Clarify your collection methods. Other important details to consider while designing your study involve the time of data collection, event markers, and epoch periods. Some psychophysiological measures, such as cortisol levels, vary greatly throughout the day; therefore, it is important to obtain samples at the same time across days (Gunnar & White, 2001). During the session, it is also vital to obtain event markers, which will allow you to identify precisely when an event occurred during the data collection. Some equipment includes a way to event mark; however, it also can be just as easy to use a stopwatch to note the time a stimulus was presented. Lastly, researchers who collect psychophysiological data must use epoch periods, or recording periods, that are long enough to capture the event of interest. Although this may vary among measures, a minimum of 60 seconds is typically recommended for cardiovascular recording (Berntson et al., 1997).
Pay attention to your units. Once you have collected your data and you begin data analysis, it is important to be aware of the units of the measure you are analyzing. For example, cardiac data can be analyzed as beats per minute or as heart periods (i.e., time between heart beats), which are inversely related. Moreover, it is important to understand the direction of a measure; a decrease in a measure can actually mean an increase in physiological arousal. For example, in the measurement of pulse transit time, the time it takes the blood pulse to go from the heart to one’s finger, a decrease in time (i.e., pulse gets to finger faster) indicates increased arousal. At first it may seem counterintuitive, but it makes sense: The faster the heart is pumping, the quicker the blood pulse will get to your finger, and the less time it takes. Yet in other measures (e.g., heart rate), an increase in the metric indicates an increase in arousal. Always be aware that an increase in an output index does not necessarily reflect an increase in arousal.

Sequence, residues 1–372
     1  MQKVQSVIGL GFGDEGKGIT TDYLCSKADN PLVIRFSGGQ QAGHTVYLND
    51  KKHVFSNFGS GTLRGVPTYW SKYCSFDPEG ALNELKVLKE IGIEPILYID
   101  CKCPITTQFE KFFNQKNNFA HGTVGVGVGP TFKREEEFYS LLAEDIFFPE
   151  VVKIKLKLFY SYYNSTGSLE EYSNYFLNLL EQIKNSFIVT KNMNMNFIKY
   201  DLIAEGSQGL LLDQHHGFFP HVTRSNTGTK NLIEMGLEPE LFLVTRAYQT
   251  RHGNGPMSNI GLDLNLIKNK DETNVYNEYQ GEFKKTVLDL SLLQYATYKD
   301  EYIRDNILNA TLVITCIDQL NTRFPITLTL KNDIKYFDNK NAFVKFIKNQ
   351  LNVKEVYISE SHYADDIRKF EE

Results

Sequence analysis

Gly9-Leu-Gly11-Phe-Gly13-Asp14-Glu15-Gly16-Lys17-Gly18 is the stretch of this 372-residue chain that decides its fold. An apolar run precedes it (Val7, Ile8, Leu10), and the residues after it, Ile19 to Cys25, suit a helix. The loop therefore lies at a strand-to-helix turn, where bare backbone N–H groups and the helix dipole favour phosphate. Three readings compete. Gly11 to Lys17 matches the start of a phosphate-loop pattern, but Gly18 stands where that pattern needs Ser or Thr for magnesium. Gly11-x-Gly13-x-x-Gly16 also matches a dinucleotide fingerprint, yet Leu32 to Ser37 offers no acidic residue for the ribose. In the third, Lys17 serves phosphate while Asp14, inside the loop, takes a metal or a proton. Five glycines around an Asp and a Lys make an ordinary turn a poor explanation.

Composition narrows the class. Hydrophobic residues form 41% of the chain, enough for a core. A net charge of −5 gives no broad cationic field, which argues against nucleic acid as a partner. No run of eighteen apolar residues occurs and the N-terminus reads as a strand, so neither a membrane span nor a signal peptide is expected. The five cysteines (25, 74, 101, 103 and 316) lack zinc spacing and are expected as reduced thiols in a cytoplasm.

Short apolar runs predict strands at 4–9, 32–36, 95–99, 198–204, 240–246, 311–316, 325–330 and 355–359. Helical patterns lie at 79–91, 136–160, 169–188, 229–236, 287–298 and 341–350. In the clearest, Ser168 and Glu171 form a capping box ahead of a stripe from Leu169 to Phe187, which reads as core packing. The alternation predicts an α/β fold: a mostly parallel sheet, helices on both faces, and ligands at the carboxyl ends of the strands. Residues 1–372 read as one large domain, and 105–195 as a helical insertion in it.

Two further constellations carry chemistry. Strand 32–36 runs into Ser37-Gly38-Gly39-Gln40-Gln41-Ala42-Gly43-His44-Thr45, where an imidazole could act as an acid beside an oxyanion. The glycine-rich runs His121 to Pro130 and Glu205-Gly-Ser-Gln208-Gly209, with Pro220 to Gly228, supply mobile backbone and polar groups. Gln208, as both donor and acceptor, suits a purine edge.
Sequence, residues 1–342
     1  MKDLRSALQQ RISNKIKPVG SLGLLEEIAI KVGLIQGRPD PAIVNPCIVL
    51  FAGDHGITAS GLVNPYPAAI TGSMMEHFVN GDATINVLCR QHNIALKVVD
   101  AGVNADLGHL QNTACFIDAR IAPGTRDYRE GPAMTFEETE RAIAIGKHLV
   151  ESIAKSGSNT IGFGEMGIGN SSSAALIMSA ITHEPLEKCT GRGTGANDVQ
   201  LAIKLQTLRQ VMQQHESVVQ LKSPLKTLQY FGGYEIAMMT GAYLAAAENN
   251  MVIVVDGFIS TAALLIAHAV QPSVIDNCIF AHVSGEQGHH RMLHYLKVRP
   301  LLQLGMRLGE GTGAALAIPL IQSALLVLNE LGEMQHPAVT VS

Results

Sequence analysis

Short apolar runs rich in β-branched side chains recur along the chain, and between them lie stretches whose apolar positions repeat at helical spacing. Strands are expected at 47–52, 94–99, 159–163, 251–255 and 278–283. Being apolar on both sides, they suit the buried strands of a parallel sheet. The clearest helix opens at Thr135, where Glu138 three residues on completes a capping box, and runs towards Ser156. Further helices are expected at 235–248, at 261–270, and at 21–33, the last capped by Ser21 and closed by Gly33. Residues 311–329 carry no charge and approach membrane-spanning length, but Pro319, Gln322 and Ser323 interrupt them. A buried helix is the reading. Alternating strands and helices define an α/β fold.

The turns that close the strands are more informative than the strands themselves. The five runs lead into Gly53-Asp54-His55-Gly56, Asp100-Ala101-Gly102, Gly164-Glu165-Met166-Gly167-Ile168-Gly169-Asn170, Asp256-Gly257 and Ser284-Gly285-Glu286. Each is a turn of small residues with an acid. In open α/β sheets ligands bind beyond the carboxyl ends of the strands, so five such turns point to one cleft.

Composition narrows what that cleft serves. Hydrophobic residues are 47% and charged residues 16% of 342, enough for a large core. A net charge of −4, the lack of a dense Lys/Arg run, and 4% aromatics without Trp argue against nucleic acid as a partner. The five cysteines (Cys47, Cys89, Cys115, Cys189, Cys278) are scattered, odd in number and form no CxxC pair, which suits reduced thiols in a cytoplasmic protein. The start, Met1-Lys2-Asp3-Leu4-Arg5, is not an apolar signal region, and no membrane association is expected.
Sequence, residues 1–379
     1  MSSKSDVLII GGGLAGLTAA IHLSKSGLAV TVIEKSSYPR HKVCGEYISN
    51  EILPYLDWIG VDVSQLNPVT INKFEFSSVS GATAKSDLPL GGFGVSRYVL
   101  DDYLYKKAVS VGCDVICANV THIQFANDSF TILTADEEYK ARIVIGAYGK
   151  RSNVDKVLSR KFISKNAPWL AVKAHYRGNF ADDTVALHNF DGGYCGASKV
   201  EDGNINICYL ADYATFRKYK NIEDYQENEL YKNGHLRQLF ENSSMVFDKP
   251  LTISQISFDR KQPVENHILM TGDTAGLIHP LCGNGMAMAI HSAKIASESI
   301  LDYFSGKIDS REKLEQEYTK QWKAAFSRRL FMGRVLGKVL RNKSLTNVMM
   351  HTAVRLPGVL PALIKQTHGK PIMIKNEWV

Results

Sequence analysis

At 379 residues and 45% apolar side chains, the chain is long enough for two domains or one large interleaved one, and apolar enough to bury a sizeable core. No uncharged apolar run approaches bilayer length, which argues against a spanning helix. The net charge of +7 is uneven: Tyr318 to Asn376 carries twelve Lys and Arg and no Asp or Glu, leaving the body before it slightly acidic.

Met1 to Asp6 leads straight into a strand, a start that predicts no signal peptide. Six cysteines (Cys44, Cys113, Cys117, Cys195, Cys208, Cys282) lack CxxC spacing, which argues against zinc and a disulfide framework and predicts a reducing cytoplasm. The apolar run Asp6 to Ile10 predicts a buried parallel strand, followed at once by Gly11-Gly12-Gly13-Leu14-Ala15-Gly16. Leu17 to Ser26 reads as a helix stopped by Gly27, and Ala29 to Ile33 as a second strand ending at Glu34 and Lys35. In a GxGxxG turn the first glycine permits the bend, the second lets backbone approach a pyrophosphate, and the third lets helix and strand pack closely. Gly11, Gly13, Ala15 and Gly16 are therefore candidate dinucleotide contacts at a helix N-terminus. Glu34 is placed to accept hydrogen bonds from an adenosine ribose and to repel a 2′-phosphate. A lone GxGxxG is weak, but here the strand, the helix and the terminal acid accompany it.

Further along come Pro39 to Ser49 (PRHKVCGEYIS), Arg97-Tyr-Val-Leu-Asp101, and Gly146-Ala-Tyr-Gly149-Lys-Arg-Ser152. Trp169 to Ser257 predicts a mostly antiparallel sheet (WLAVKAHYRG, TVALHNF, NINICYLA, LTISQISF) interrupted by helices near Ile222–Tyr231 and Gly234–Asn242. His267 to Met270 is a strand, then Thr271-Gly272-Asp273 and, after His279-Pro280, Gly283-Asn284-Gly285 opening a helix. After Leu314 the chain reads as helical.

How to Learn More
The authors both agree that they learned the most by doing rather than reading, though we highly recommend the Handbook of Psychophysiology (Cacioppo, Tassinary, & Berntson, 2007). With this basic information in mind, start talking to others, and get experience in various labs that collect psychophysiological data. Before long, you will develop the skills to run your own psychophysiology experiments.
Berntson, G.G., Bigger, T., Dwain, E.L., Grossman, P., Kaufmann, P.G., Malik, M., et al. (1997). Heart rate variability: Origins, methods, and interpretive caveats. Psychophysiology, 34, 623-648.
Cacioppo, J.T., Tassinary, L.G., & Berntson, G.G. (Eds.). (2007). Handbook of psychophysiology. New York: Cambridge University Press.
De Meersman, R.E., & Stein, P.K. (2007). Vagal modulation and aging. Biological Psychology, 74, 165-173.
Fowles, D.C., Edelberg, R., & Lykken, D.T. (1981). Publication recommendations for electrodermal measurements. Psychophysiology, 18, 232-239.
Gunnar, M.R., & White, B.P. (2001). Salivary cortisol measures in infant and child assessment. In L.T. Singer & P.S. Zeskind (Eds.), Biobehavioral assessment of the infant (pp. 167-189). New York: Guilford Press.
James, W. (1894). The physical basis of emotion. Psychological Review, 1, 516-529.
Richman Smart, L., Bennett, G.G., Pek, J., Siegler, I., & Williams, R.B. (2007). Discrimination, dispositions, and cardiovascular responses to stress. Health Psychology, 26, 675-683.
Shapiro, D., Jamner, L.D., Lane, J.D., Light, K.C., Myrtek, M., Sawada, Y., et al. (1996). Blood pressure publication guidelines. Psychophysiology, 33, 1-12.